3.1.3 Post-survey Focus Group Conduction

The preliminary surveys allowed for a basic understanding of the student HMO landlord population and were followed up with a focus group of a select few landlords. The landlords selected for the discussion were those who promptly responded to the follow-up query. At the

25 end of the survey, each landlord was asked if they would be willing to take part in a focus group regarding similar topics. As recommended by the Accommodations Team at the University of Worcester, the focus group was held in the afternoon as this was most convenient for the largest group of landlords. The date of November 19th was then chosen for the group discussion, as this provided ample time for the landlords to prepare. The goal was to gather six to eight landlords which would provide the best group dynamic for a conversation to be held. The length of the discussion was less strictly set, however a length of an hour was expected. To entice landlords to attend the focus group and aid in the research study, tea and biscuits were provided and supplied by the University of Worcester. A quiet, spacious and private location on the Riverside Campus was chosen for the focus group to provide a comfortable and safe space for landlords to voice their opinions. During the focus group, the main conversations held were between the landlords themselves. However, two moderators were used to keep the discussions more focused and change topics when needed. Lastly, two note takers were utilized to transcribe the conversations held, along with a recording software from a smartphone to make sure all the conversations were saved for further analysis. Every participant was made aware of the recording and agreed to its usage, knowing the raw recording wouldn’t be published. All these features on the format of this discussion were necessary to predetermine in order for the discussion to progress fluently, along with maximizing the amount of qualitative data collected. Both the setup and formation of a focus group are crucial for successful qualitative data collection (Gill, Stewart, Treasure, & Chadwick, 2008). The idea of a semi-structured question format was used for the discussion, as this allowed differing ideas and topics to be presented (Lune, H., & Berg, B. L., 2012). These off-topic conversations within the focus group provided new material for the research team to consider and gave differing viewpoints on each of the topics due to the shifting nature of the multi-person discussion. The focus group provided a deeper and more in-depth understanding of the motivations of landlords to make improvements to their properties. Due to the social aspect of the focus group, a more comprehensive understanding of overall beliefs and views of student HMO heating surfaced, as each landlord could either build upon or dispute the various viewpoints expressed. This allowed a clear understanding of the cumulative landlord beliefs to surface regarding their motivations for energy efficient improvements to their student tenant properties.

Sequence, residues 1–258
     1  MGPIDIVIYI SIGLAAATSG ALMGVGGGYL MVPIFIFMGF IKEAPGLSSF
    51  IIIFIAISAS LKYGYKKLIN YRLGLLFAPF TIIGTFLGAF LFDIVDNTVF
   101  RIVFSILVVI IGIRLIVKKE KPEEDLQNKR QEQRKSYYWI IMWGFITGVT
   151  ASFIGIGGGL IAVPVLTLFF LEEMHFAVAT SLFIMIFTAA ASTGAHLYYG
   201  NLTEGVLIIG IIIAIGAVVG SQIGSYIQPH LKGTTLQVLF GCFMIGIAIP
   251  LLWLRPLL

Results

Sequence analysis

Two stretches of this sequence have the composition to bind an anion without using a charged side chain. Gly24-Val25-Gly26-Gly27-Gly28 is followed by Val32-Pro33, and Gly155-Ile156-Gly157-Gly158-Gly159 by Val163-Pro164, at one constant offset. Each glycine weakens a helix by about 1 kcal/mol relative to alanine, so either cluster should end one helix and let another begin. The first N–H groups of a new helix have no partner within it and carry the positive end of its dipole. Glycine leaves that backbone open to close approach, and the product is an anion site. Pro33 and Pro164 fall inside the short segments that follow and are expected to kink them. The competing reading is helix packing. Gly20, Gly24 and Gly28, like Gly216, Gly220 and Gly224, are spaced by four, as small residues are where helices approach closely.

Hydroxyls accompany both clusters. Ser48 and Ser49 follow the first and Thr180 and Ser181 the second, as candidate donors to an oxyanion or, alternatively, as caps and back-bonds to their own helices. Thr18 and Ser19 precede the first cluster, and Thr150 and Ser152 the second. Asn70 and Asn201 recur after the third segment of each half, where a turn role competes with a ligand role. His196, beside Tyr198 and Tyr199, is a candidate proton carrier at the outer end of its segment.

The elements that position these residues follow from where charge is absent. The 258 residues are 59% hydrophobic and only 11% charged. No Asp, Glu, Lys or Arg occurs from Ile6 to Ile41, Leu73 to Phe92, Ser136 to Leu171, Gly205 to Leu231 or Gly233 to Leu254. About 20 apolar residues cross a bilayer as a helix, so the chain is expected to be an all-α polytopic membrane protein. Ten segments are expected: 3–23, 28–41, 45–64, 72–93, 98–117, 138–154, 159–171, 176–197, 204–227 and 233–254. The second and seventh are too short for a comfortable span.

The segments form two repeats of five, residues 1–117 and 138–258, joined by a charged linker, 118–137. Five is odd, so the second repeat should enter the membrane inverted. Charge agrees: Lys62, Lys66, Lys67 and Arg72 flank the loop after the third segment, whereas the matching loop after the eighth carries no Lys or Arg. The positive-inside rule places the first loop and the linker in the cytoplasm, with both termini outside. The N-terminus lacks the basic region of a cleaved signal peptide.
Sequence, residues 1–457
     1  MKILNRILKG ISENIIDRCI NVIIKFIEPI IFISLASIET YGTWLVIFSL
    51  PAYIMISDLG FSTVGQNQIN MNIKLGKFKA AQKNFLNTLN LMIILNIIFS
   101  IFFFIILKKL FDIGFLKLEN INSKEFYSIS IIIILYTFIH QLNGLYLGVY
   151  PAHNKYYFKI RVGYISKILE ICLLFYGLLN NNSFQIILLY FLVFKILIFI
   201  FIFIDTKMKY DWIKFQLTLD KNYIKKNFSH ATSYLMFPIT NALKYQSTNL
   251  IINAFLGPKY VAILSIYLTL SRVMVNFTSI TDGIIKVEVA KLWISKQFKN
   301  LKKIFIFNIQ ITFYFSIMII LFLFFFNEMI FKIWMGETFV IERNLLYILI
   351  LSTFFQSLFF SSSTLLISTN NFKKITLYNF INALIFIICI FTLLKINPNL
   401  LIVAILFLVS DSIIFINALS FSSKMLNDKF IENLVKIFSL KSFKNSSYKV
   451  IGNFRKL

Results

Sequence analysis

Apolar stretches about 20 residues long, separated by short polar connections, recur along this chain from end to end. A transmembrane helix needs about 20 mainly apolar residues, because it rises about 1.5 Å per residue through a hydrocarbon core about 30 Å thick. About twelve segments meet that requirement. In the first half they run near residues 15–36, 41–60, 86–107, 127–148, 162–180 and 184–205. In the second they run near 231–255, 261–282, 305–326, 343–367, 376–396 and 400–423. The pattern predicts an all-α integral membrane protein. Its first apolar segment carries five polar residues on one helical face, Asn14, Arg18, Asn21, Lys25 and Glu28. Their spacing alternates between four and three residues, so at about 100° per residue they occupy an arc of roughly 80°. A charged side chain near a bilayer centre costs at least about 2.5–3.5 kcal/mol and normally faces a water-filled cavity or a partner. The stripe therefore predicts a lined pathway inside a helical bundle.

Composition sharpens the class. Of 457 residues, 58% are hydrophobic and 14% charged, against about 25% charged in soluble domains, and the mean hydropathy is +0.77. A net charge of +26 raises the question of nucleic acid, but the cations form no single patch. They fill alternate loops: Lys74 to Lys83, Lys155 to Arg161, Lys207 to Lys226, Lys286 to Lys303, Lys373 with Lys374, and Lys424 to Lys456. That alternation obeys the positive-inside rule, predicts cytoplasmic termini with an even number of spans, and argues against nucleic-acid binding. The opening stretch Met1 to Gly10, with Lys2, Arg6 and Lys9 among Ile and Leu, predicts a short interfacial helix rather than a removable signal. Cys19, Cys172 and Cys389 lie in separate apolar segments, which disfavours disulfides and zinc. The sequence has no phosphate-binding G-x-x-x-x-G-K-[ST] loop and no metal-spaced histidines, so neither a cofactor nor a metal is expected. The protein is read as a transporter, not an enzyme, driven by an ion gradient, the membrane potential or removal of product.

3.1.4 Letting Agency Interviews

In addition to holding a focus group with the landlords, the letting agencies in charge of student housing were also contacted. The plan was to reach out to two different letting agencies in Worcester. First, Platinum Properties was chosen as it was described by the Accommodations Team as a well established letting agency in the community. They work with both student and non-student tenants. The second agency was Black Pear Lettings and was chosen due to its reputation as an up-and-coming agency that exclusively works with student tenants. The conduction of interviews would have allowed the collection of a wider range of information regarding the two letting agencies for the University of Worcester. Since these letting agencies are known for their professionalism in regard to their rental properties, these interviews provided a different viewpoint on motivations for eco-friendly improvements contrasted to that of the individual landlords (Berg, 2012). The use of semi-structured interviews was utilized in the question guidelines, as any information gathered about the attitudes of letting agencies further improved the knowledge about their perceptions. (Lune, H., & Berg, B. L., 2012). Off-topic conversations within these interviews allow topics and viewpoints not previously considered to emerge and provided new material for the research team to consider. The semi-structured interviews addressed certain questions and topics that were previously agreed upon and deemed important to examine. However, when the conversations diverged from the pre-set questions, the new direction was embraced which allowed new topics and ideas to be presented. The goal was to interview each letting agency as a whole, with each individual interview lasting roughly a half hour. In collecting information through these interviews, more in-depth data of the letting agencies’ perceptions, along with their requirements from the new systems, would have been gathered Due to a lack of response in visiting these agencies, an email was sent out to 16 different letting agencies in the Worcester area. This email comprised of a description of the Energize Worcester project, and a formal question as to whether they would be interested in a follow-up interview. The email intended to branch out to more letting agencies in order to increase the response rate from the population. Both means of contact were used in conjunction in order to